“The old 1900-era structure… handled more than 100 trains a day as late as 1929… today traffic is down to 40 trains a day and most of them are through schedules. Both building and track layout are vastly overbuilt. Being pre-automobile in origin, the station is inconveniently planted in downtown traffic congestion, therefore lacks adequate parking space.”

An undated, post-World War II photo of David P. Morgan observing a Santa Fe streamliner pass at Joliet, Illinois. Class Trains Magazine photo.

The unfortunate proposed solution was to move the station out of the downtown area, as a small pre-fabricated structure behind a vast parking lot. This was one of Morgan’s few blunders in his many years of writing about the railroad industry. In this he understood the railroad implications, but failed to consider the ramifications of an emphasis on automobiles, not persons.

Cities and towns that promote walking and bicycling are accessible, human-scale, and amenable to strolling: all of which corresponds to a vitality both social and economic. “Sustainable” is the contemporary buzzword that represents this simple old-fashioned truth.

ABOVE and BELOW: Jacksonville, Florida union Terminal in 2020, now the city’s convention center. The suburban Jacksonville station in this 2022 view, on the city’s northwest side in a warehouse district was recently remodeled and updated. It was opened in 1974, just three years after Amtrak’s beginning. The Jacksonville station was the Amtrak prototype for new, smaller stations, including the Staples Mill Road Amtrak station in Richmond, Virginia and other locations. Both photos, Wikimedia Commons.

If you wish to experience the results in action, compare Florida’s edge-of-downtown Jacksonville Terminal (and its adjacent, if curious, monorail station) with Amtrak’s “modern” little structure out in the suburbs. Arriving at Amtrak’s station today leaves you in the middle of nowhere, relatively speaking; although not quite as far from civilization as Maricopa, Arizona, a wide in the road thirty miles of desert south of Phoenix. Indeed, the removal from Phoenix Union Station to Maricopa represents the most egregious example to date of taking Morgan’s somewhat ill-advised advice to its logical extreme.

1924 promotion postcard of Phoenix Union Station. The building is still there, but is currently being used as an antenna and satellite dish farm for a telecommunications company. Wikimedia Commons image.
Amtrak’s Maricopa station, about 30 miles south across the desert from downtown Phoenix. Wikimedia Commons photo.

The remainder of Morgan’s assessment of the problems confronting the passenger, mail, and express business reflect his generally sage understandings and are well worth reading; fortunately Trains.com has reprints available for a few dollars. The subject was also revisited in the July 2023 TRAINS issue, possibly still available at a newsstand near you.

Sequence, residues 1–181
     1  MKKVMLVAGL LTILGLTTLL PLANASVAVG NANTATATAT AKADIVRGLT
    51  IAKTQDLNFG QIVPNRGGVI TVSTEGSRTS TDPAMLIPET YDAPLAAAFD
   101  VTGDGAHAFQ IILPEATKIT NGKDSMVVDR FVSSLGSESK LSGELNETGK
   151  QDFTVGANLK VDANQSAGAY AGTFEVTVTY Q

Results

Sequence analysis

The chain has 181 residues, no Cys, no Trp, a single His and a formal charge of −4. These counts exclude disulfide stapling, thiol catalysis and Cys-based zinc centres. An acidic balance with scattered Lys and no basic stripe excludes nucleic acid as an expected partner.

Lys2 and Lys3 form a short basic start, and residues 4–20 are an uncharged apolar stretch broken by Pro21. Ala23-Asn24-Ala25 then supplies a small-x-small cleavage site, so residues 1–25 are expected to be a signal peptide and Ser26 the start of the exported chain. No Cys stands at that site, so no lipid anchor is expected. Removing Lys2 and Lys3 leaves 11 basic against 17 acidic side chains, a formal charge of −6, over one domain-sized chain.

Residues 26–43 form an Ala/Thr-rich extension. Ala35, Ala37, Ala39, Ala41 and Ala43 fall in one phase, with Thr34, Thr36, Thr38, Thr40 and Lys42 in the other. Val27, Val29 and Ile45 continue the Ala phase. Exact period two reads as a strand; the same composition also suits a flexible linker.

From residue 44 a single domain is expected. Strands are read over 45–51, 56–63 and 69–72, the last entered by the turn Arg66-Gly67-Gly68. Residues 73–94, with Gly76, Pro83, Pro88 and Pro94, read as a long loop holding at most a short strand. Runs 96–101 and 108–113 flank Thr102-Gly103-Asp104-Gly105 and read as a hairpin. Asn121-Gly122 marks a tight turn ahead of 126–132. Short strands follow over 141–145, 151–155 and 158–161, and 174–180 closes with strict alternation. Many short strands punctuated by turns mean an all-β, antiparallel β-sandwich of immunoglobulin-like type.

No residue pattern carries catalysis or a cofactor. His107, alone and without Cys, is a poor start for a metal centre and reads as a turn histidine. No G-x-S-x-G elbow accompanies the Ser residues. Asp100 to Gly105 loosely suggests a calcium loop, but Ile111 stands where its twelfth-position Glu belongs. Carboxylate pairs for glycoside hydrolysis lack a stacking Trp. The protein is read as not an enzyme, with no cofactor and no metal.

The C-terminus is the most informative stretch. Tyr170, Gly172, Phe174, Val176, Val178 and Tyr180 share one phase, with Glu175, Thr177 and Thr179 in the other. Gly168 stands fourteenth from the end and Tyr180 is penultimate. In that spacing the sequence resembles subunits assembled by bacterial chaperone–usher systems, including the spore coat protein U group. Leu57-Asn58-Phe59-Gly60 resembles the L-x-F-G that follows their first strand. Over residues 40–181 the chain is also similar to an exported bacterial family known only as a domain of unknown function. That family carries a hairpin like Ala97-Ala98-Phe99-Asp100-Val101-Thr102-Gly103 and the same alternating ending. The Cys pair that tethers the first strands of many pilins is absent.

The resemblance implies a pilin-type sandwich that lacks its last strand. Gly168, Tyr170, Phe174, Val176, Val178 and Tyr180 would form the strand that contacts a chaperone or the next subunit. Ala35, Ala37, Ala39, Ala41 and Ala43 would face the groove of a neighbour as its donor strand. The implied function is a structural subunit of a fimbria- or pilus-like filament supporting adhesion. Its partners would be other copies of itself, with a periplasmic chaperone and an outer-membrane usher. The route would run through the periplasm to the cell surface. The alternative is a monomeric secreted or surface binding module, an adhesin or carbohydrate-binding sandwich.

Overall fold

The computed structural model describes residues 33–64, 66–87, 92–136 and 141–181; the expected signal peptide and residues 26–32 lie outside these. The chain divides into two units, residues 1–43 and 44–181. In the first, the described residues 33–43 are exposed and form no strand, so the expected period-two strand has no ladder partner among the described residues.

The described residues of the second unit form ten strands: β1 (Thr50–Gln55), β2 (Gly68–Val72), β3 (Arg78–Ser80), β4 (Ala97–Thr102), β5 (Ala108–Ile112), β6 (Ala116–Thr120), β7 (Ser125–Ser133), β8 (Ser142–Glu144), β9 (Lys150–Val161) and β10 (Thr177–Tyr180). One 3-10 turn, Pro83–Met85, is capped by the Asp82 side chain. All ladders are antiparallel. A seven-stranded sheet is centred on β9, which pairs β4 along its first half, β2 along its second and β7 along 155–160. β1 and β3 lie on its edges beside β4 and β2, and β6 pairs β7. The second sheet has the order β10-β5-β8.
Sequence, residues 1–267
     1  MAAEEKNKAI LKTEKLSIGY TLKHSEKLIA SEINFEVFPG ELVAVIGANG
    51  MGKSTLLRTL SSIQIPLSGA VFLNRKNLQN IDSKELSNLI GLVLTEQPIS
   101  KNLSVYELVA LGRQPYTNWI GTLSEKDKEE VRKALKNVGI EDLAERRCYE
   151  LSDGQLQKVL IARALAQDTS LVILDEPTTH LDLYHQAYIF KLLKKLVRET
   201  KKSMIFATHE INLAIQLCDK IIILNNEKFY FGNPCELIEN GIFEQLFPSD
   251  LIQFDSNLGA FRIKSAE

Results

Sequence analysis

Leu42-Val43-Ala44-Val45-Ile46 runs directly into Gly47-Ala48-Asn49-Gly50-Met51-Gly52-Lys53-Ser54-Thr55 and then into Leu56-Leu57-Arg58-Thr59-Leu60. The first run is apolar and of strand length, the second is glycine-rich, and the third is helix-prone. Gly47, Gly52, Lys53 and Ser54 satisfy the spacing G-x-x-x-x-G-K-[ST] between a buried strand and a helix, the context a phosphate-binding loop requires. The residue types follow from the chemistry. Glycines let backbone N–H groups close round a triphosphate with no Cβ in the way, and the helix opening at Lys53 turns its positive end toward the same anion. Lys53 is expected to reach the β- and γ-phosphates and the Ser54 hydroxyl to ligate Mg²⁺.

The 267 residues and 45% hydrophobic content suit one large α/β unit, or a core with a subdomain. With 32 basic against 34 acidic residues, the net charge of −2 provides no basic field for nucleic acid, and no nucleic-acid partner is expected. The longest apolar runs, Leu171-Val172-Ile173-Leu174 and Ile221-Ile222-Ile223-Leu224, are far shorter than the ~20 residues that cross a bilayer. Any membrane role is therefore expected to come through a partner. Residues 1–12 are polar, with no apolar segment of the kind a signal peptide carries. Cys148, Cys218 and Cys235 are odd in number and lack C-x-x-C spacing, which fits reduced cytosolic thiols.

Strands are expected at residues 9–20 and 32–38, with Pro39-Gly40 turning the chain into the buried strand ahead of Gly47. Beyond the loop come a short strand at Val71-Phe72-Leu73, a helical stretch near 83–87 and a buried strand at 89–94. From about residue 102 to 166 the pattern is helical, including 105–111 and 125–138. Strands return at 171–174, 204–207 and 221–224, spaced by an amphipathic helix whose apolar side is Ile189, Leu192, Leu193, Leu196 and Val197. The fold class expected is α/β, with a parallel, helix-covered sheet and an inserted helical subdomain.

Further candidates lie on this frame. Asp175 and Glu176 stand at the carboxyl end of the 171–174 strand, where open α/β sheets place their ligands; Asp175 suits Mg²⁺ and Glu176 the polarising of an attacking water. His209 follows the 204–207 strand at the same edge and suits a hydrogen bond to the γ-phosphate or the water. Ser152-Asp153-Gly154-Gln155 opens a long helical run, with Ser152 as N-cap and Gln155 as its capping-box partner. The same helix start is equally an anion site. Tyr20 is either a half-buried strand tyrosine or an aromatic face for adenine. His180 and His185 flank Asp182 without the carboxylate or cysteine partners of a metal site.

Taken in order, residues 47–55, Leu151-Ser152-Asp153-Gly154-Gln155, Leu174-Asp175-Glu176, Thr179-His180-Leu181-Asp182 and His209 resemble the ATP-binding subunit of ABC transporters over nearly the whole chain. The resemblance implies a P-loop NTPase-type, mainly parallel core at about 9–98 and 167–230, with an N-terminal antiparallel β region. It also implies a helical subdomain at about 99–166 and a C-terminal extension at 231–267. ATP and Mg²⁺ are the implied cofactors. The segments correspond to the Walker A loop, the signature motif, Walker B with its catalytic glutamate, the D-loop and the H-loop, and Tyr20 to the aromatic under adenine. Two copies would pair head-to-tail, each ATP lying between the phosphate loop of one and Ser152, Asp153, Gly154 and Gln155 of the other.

Timetables of three of the principal railroads serving New England in the 1940s and 50s. William Lindley photo.

Look back to Morgan’s time and see what can be learned about New England that applies today. The Pennsylvania Railroad, having been effectively shut out of New England by the New York, New Haven & Hartford (NYNH&H) Railroad, did regard that road as a connecting, or feeder, railroad for services beyond New York City.

This 1950 PRR system map (New England portion shown) gives clues as to how the Pennsylvania road viewed the world. Collection of the LaGrange (Kentucky) Railroad Museum.

PRR’s solution to the Boston dilemma is worth revisiting.

Summer, 1956 in the Official Guide to the Railroads: PRR operates the Bar Harbor Express through from Washington, D.C. to New Hampshire and Maine, bypassing Boston. File image.

The Bar Harbor Express ran three times weekly, via Putnam, Connecticut to Worcester, Ayer (Fort Devens), and Lowell, Massachusetts, then splitting (Saturdays only) for a branch to Manchester, Concord, and Plymouth, New Hampshire; with the rest of the train continuing to Portland, Maine where it divided again into branches: to Bath and Rockland, Maine; and to Waterville, Bangor, and Ellsworth (with a bus connection to Bar Harbor).

Boston’s two stub-end passenger train stations, North and South, still reflect the area’s railroad heritage. (Blue, B&M; green, NYC; red, Amtrak NEC; orange, former New Haven). William Lindley map.

Much has changed in Boston since the 1950s, but unchanged is the fact that Boston still has two stub-end passenger terminals, separated by the downtown area. Even the “Big Dig” relocation of Interstate 93 failed in the original grand plan to connect the railway spokes on either side of the “Hub.” The only direct rail link is a back-alley, street-running freight connection through Cambridge (diagram: shown in dark green).